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September 14, 2020 9:45 am

Turkey’s Bid to Return to Ottoman-Era Glory Endangers Israel and the Region

avatar by Israel Kasnett / JNS.org

Analysis

Turkish President Recep Tayyip Erdogan addresses members of his ruling AK Party during meeting at the parliament in Ankara, Turkey, March 4, 2020. Photo: Turkish Presidential Press Office / Handout via Reuters.

JNS.org – Turkey’s President Recep Tayyip Erdoğan has high ambitions. He wants to take his country back to what he perceives as the glory days of the Ottoman Empire, but the leader, who has been described as “pugnacious” and has been at the pinnacle of power since 2002, appears to be leading the country down the wrong path as he quashes secularism, supports radical Islamism, suppresses democratic reforms and adopts a forceful foreign-policy approach that aims to assert Turkish hegemony in the region.

With an eye on his party’s conservative and religious support base as his popularity dips amid an economic downturn, Erdoğan recently converted two Istanbul landmarks operating as museums—the Hagia Sophia and the Church of St. Saviour in Chora—into mosques in a bid to flex his Islamist muscles. And now, with his attention turned to Greece and Libya, Erdoğan seems to be looking for regional dominance. The question is how all this bodes for Israel.

Gallia Lindenstrauss, a senior research fellow at the Institute for National Security Studies who specializes in Turkish foreign policy, told JNS that Erdoğan’s actions are influenced by the “transformation of the international system from a unipolar system to a multipolar one.”

The perception that the United States is planning to significantly reduce its military presence in the Middle East—announced by US President Donald Trump this week—and the power vacuums that have emerged as one of the consequences of the Arab upheavals “are causing several actors, including Turkey, to act in a more assertive manner,” she said.

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Lindenstrauss noted that Turkey’s bellicose behavior stems from its perception that “in the current international context, acting aggressively doesn’t necessarily incur major costs from the global powers and hence the temptation to act this way is greater,” she said.

With Erdoğan’s Islamist identity and close ties with Muslim Brotherhood, Qatar and Hamas, this triangle seems dangerous for Israel. Is it a real threat?

“After the fall of [former Egyptian President] Mohammed Morsi, Turkey became the leader of the Muslim brotherhood axis in the Middle East,” she said. “This is a cause of concern in Israel, and there is now greater awareness of Hamas military activity on Turkish soil.”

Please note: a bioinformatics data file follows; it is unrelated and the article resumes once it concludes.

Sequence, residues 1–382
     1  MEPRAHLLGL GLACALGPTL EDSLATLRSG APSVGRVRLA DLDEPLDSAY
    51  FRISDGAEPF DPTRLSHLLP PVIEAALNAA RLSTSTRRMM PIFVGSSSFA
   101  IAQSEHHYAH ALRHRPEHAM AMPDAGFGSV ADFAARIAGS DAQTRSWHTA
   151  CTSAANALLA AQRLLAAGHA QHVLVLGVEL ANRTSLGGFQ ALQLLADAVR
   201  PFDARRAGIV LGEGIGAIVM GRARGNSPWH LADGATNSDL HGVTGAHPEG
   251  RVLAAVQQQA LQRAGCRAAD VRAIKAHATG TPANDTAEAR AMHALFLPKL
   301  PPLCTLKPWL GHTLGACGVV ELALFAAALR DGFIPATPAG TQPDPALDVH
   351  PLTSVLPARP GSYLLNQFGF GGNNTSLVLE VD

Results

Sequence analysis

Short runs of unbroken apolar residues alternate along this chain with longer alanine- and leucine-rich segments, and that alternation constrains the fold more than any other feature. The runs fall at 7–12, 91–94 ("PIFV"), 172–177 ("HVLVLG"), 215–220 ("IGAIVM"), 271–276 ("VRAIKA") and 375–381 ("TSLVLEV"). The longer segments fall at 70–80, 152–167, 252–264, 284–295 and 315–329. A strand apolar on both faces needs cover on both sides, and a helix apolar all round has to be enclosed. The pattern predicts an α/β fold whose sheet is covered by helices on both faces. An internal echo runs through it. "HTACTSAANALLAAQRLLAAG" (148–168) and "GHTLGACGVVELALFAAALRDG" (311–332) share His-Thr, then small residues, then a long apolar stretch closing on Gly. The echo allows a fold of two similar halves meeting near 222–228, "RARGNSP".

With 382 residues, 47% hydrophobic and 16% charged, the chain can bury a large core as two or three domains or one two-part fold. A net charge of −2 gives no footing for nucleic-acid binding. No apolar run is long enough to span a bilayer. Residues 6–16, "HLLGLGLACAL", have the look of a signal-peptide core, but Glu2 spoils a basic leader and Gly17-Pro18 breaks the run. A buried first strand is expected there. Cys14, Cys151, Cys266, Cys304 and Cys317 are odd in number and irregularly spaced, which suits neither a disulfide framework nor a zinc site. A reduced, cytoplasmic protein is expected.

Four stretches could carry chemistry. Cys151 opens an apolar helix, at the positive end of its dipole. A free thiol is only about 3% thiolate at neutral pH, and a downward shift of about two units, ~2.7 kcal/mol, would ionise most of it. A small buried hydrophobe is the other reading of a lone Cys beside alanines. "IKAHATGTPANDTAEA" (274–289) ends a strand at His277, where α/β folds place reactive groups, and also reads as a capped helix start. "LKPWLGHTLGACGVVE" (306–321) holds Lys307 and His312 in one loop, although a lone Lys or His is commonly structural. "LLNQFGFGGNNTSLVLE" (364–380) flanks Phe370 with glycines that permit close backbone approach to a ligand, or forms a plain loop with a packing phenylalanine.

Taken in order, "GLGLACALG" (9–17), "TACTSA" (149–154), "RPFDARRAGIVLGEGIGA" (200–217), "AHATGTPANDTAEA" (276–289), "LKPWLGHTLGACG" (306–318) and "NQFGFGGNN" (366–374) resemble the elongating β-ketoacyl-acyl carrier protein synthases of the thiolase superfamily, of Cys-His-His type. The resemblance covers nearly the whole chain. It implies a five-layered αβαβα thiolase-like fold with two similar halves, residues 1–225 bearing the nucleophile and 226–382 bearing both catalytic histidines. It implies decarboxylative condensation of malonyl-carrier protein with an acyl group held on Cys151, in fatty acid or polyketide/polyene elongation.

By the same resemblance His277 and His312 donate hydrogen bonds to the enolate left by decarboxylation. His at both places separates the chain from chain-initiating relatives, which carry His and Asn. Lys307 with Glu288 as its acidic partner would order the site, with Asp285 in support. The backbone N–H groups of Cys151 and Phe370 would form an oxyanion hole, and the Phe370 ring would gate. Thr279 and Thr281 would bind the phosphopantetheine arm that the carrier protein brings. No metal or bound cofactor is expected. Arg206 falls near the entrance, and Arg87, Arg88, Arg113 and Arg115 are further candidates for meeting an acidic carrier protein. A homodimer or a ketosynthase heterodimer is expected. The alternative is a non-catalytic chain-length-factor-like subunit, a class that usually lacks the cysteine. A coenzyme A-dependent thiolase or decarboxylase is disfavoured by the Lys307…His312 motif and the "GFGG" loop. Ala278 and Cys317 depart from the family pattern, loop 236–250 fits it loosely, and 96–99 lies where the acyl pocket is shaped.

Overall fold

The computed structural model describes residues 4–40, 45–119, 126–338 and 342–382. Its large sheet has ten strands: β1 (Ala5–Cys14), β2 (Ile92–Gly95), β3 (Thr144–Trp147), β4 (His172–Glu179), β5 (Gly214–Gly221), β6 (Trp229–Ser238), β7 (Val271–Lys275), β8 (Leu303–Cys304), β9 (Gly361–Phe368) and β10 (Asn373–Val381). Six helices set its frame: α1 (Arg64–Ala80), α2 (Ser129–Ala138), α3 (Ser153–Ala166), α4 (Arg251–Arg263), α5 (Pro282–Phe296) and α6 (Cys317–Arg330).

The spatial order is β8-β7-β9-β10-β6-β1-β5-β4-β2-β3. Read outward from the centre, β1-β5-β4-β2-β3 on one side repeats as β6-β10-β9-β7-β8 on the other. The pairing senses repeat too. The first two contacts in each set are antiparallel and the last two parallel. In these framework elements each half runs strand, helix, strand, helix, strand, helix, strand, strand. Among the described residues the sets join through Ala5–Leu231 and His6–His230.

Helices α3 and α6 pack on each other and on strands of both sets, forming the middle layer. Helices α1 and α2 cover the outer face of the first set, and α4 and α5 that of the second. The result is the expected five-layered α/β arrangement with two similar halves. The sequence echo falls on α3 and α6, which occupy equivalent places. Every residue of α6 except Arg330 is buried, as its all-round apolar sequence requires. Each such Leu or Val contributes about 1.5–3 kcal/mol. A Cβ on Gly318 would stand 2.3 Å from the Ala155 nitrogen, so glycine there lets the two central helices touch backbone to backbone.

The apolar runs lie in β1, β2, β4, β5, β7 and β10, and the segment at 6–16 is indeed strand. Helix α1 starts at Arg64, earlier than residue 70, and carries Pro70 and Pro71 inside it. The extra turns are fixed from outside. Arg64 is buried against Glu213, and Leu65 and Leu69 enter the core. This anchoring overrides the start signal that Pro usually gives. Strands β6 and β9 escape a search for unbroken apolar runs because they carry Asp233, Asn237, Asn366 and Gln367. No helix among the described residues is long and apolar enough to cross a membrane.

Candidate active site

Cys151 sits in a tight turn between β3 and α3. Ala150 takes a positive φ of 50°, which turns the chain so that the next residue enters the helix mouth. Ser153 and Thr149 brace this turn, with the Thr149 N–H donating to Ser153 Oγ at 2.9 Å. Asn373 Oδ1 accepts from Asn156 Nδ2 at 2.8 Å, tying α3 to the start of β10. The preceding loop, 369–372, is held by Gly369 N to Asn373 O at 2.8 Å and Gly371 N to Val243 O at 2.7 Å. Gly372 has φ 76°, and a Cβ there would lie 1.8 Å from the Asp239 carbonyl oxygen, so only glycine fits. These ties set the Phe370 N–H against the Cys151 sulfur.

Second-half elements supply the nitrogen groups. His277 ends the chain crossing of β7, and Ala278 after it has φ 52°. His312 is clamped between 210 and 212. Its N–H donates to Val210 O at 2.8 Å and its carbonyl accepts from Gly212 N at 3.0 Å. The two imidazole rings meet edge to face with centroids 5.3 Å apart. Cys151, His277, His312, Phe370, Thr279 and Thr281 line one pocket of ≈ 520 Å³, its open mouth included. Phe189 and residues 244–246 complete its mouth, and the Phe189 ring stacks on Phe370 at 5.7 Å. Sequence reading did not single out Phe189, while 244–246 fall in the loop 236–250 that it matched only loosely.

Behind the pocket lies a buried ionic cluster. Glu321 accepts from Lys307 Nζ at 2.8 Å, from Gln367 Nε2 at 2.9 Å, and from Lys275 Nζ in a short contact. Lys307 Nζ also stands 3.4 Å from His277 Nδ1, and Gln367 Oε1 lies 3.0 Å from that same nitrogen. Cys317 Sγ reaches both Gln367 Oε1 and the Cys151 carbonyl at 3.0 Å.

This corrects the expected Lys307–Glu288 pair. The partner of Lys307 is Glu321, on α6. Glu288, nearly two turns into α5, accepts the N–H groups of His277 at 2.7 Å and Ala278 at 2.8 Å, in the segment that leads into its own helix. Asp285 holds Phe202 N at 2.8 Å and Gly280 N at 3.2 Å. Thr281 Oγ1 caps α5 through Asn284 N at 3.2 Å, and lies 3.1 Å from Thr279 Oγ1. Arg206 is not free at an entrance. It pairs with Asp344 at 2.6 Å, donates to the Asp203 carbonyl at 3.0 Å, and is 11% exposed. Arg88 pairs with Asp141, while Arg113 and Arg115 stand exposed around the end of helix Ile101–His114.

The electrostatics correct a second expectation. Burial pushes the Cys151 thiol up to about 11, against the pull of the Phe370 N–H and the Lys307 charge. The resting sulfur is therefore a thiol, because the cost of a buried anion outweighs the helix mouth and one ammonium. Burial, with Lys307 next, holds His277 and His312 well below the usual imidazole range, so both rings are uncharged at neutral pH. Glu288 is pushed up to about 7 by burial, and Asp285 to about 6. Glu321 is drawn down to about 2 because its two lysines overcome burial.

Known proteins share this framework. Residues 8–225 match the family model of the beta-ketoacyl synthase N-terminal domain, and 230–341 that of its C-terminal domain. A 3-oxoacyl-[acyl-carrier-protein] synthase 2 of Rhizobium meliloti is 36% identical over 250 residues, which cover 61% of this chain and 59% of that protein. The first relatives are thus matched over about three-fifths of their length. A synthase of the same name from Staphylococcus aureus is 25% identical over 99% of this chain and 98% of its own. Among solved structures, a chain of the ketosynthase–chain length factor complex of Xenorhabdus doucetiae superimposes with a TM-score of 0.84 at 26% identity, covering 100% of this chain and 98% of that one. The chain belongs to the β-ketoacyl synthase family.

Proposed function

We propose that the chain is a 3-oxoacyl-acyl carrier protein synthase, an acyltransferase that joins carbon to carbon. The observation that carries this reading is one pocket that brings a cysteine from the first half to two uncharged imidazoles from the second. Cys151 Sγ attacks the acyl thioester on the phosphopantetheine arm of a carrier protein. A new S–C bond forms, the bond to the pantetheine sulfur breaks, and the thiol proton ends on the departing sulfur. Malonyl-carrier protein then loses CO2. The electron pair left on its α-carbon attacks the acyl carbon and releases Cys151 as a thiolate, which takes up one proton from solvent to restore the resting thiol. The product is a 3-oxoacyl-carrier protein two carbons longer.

“Likewise, there is greater suspicion with regard to Turkey’s government agencies and NGO activities in Israel and in the Palestinian territories, and Israel is less open to Turkish initiatives to assist the Palestinians,” she said. “The fact that Turkey is seen as the leader of the Muslim Brotherhood axis is even a greater problem in the eyes of the pragmatic Sunni states Israel is cooperating with.”

Lindenstrauss suggested that one of the reasons Israel and the United Arab Emirates have worked out a normalization agreement between them is related to “the growing concerns from Turkey’s greater role in the region.”

‘A fusion of nationalism and Islamism’

Efraim Inbar, president of the Jerusalem Institute for Strategy and Security, told JNS that as an Islamist, Erdoğan “has no great love for Jews and for Israel.”

According to Inbar, “Erdoğan believes that Turkey has a great destiny and should be a world power. The fact that the US is slowly reducing its footprint in the Middle East adds to even greater freedom of action for Turkey in regional affairs.”

He noted that Erdoğan is not only a leader with an Islamist ideology, but a realpolitik player. Turkey is in Iraq and Syria, and has a military base in Qatar and in Somalia. Erdoğan tried to build a base in Sudan, and now he is busy in Libya. As part of this new Turkish nationalism, he is challenging the border with Greece, essentially seeking to reverse the 1923 Treaty of Lausanne, which officially ended the Ottoman Empire.

“There is a fusion here of nationalism and Islamism between Turkish nationalism with its roots in Islam, the Caliphate and the Ottoman Empire,” said Inbar. “There is a clear alliance between Turkey and Qatar, which both support the Muslim Brotherhood.”

He also noted that Turkey provides Hamas members with passports, which gives them greater freedom of movement.

“Erdoğan is a very successful politician, a good speaker and charismatic,” he said. “Going after Israel gets him votes and makes him popular in the Muslim world, which he wants to lead, so Israel is a good target for him.”

With all of Erdoğan’s saber-rattling over Israel, it’s business as usual, however, as most Turkish exports to the Arab world are shipped through the port of Haifa.

“Erdoğan has “a pragmatic streak,” said Inbar. “He didn’t completely sever diplomatic relations with Israel.”

Still, he cautioned, Israel must tread carefully.

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